Hedge Clippings | 14 April 2023
Jim Chalmers headed off to Washington this week for meetings with the G20, the World Bank, and the International Monetary Fund (IMF) among others, and ahead of his first full federal budget in May. The Treasurer's visit coincided with the IMF's release of their latest economic outlook, which to say the least, was not rosy, predicting an uncertain global outlook driven by financial sector turmoil, high inflation, the ongoing effect of Russia's invasion of Ukraine, and three years of COVID.
The IMF's forecast included a downgrade for Australia's GDP growth to 1.6% this year, rising only slightly to 1.7% in 2024, although above the average of all Advanced Economies of 1.3% and 1.4% in 2023 and 2024 respectively. Australia's outlook may be subdued, particularly when compared to the important Asian powerhouses of China and India, but is positively buoyant when looking at the Euro Area, which is forecast to grow by 0.8% this year prior to rising to 1.4% in 2024. Spare a thought for Germany (-0.1% and 1.1%) and the UK (-0.3% and 1%).
Chalmers has been at pains to point out both the problems that the Australian economy faces, his budget challenges, and while also talking up the strength of Australia's financial system and our banks. Following the implosion of SVB and Credit Suisse he is naturally keen to ensure that confidence in Australia's financial system remains intact. The reality is that confidence is what keeps banks' doors open.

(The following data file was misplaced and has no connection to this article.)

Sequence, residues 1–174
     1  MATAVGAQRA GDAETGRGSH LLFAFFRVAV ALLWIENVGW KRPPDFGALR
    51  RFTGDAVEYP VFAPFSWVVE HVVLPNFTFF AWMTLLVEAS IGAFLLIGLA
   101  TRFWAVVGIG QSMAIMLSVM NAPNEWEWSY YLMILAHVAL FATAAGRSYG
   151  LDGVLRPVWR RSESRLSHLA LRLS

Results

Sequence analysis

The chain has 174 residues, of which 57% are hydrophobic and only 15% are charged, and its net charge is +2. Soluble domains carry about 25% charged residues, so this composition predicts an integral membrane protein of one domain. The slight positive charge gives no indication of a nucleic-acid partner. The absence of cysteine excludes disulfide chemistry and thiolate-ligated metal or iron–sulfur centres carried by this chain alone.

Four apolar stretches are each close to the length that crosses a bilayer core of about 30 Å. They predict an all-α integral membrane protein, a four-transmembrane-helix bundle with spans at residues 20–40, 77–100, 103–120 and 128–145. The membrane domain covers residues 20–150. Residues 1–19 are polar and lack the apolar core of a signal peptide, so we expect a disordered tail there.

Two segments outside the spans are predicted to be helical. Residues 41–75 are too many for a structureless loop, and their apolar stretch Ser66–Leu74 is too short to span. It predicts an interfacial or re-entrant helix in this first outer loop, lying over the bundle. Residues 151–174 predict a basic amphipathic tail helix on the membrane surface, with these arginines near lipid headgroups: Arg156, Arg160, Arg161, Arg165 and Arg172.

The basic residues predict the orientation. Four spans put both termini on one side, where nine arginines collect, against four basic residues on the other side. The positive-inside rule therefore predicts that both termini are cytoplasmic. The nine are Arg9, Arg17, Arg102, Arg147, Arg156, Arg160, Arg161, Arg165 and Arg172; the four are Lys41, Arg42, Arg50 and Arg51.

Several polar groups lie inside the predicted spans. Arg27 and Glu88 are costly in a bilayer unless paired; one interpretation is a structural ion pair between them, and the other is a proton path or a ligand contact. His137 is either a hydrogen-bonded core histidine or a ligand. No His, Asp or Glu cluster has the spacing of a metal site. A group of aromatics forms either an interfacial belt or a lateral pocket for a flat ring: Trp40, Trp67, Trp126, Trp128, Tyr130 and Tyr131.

However well capitalised Australian banks are, if too many customers wanted their funds on deposit returned in a short space of time, as happened with SVB, the banking and financial system would fail. What added to the problems at SVB was the speed at which information travels in a wired world, plus the highly tech savvy nature of SVB's business, and their customers. Hence Chalmers' reassuring words.
On a more positive note, there may be light at the end of the tunnel in Australia's trade woes with China. In spite of Paul Keating's recent tirade against the government, and in particular his criticism of Penny Wong's performance as Foreign Minister, it would seem the "quietly-quietly- behind-the-scenes" approach (along with the potential threat of China coming off second best in the WTO's hearing over barley) is more effective than name calling. No one likes losing face, particularly the Chinese.
If, as seems likely, China lifts its tariffs on Australian barley as a result of the federal government suspending its complaint to the WTO, other agricultural sectors including wine, timber, and lobsters could be next.